singularity at +∞. Due to the singularity, the above equation has infinitely many solutions.

However, if we impose an additional condition that the solution must be bounded, then the

solution is unique.

Theorem 3.1. (Uniqueness of the solution of the ODE (5) via a stochastic represen-

tation) A bounded solution to the ODE (5), if exists, must be unique. More precisely, suppose

a(s) solves the ODE (5) and sups∈[0,∞)|a(s)| ≤ C < ∞ for some constant C > 0. Then we

must have

a(s) = E?exp?−sATµ

??

for any s ≥ 0.

?] as

−

0

(6)

Proof: In terms of S(t), we can rewrite E[exp?−sATµ

E[exp?−sATµ

where the notation Esmeans that the process {S(t)} starts from s, i.e. S(0) = s. By Itˆ o’s

formula, we have that

?] =Es

??∞

0

µexp

?

?t

[µ + S(u)]du

?

dt

?

,

(7)

Mt:= a(S(t))exp

?

−

?t

0

[µ + S(u)]du

?

+

?t

0

µexp

?

−

?v

0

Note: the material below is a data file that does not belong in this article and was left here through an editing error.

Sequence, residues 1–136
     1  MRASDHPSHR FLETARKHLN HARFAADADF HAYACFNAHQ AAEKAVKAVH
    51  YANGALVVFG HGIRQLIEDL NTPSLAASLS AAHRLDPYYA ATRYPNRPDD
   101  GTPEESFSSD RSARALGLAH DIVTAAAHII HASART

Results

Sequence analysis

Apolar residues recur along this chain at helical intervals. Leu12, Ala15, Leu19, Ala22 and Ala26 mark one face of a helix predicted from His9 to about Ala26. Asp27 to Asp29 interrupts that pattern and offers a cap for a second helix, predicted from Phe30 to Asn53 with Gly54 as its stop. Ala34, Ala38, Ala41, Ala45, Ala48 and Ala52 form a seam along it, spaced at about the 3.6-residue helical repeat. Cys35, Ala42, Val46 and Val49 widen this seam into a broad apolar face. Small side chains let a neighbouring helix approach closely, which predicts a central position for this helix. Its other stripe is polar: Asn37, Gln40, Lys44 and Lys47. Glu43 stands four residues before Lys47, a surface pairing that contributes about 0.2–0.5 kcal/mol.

[µ + S(u)]du

?

dv

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is a local martingale. Indeed, since

da(S(t))=

a?(S(t))[rS(t)dt + σS(t)dW(t)] +1

2a??(S(t))σ2S2(t)dt

= [(S(t) + µ)a(S(t)) − µ]dt + a?(S(t))σS(t)dW(t),

where the last equality follows from the fact that a(s) solves the ODE (5), and

dexp

?

−

?t

0

[µ + S(u)]du

?

= exp

?

−

?t

0

[µ + S(u)]du

?

· {−[µ + S(t)]}dt ,

we obtain by some algebra that

dMt

= exp

?

−

?t

0

[µ + S(u)]du

?

· a?(S(t))σS(t)dW(t),

which implies that {Mt} is a local martingale. Actually, {Mt} is a true martingale as Mtis

uniformly bounded, supt≥0|Mt| ≤ supt≥0

S(u) ≥ 0. Thus, a(s) = a(S(0)) = Es[M0] = Es[Mt]. Letting t → +∞, the first term in Mt